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Container Type Affects Mosquito (Diptera: Culicidae) Oviposition Choice.

Authors
  • Parker, Allison T1
  • McGill, Kelsey2
  • Allan, Brian F2, 3
  • 1 Department of Biological Sciences, Northern Kentucky University, 254 Science Center, 1 Nunn Dr., Highland Heights, KY.
  • 2 School of Integrative Biology, University of Illinois Urbana-Champaign, Urbana, IL.
  • 3 Department of Entomology, University of Illinois Urbana-Champaign, Urbana, IL.
Type
Published Article
Journal
Journal of Medical Entomology
Publisher
Oxford University Press
Publication Date
Sep 07, 2020
Volume
57
Issue
5
Pages
1459–1467
Identifiers
DOI: 10.1093/jme/tjaa045
PMID: 32161973
Source
Medline
Keywords
Language
English
License
Unknown

Abstract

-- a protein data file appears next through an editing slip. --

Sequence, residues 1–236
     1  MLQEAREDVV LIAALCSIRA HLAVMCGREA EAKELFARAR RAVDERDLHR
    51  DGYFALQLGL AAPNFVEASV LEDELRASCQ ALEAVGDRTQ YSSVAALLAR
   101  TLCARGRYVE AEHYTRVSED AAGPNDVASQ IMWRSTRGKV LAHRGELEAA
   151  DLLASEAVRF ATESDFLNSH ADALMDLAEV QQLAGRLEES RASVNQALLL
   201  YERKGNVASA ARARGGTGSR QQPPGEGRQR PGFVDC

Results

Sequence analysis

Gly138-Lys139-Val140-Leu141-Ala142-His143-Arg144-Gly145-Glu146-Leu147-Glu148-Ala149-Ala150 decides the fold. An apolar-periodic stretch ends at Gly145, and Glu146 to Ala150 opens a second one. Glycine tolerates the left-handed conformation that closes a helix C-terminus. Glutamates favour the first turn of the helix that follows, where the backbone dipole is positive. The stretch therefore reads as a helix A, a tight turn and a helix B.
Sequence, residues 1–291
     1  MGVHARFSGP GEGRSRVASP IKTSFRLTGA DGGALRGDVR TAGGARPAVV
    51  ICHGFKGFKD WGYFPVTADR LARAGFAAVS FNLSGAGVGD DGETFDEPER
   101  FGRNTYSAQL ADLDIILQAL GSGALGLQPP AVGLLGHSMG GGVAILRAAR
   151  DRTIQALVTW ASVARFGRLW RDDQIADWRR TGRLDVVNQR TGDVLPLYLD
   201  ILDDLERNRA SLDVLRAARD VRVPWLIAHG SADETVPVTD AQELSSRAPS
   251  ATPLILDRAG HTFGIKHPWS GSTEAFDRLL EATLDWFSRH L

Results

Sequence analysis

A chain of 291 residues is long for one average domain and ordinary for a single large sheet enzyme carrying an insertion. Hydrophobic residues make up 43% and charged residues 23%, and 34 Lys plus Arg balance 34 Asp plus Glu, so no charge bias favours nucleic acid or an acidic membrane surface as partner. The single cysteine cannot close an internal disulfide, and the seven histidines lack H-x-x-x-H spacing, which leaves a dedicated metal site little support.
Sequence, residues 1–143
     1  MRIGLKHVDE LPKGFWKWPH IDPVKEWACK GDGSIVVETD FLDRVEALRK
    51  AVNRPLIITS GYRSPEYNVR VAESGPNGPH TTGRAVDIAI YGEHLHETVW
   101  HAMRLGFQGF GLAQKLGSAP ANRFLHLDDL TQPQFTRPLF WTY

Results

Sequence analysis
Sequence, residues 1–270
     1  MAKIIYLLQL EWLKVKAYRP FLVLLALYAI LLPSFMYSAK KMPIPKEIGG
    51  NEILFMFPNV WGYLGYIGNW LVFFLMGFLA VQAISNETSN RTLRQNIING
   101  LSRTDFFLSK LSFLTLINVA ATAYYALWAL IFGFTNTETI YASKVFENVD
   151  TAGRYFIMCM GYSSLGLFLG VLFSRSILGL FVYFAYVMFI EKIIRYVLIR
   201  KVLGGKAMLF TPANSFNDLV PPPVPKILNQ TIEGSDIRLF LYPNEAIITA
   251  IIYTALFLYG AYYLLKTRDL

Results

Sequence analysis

Larvae of container-breeding mosquitoes develop in a wide range of container habitats found in residential neighborhoods. Different mosquito species may exhibit preference for different container types and sizes. Due to phenological differences, species composition in container habitats may change over time. We first conducted weekly neighborhood container surveys to determine the types of container habitats found in residential neighborhoods, and to determine mosquito species composition over time within these habitats. We then conducted an oviposition choice field assay to determine whether female mosquitoes of different species preferentially oviposit in different container types commonly found in neighborhoods. Halfway through the experiment, the largest container was removed at half the sites to test the hypothesis that incomplete source reduction alters oviposition preference among the remaining containers. In the neighborhood surveys, large containers had the greatest mosquito densities and the highest species richness. Aedes albopictus (Skuse), the most commonly collected mosquito, was found in all container types. The oviposition experiment indicated that Culex spp. females preferentially oviposit in large containers. When the largest container was removed, the total number of egg rafts decreased. Aedes spp. females preferred to oviposit in large- and medium-sized containers, but the total number of eggs laid did not change when the large container was removed. These results confirm that understanding habitat preferences of container-breeding mosquitoes is important to control efforts targeting vector species and that incomplete removal of container habitats may have unpredictable consequences for the distribution of juveniles among remaining habitats. © The Author(s) 2020. Published by Oxford University Press on behalf of Entomological Society of America. All rights reserved. For permissions, please e-mail: [email protected]

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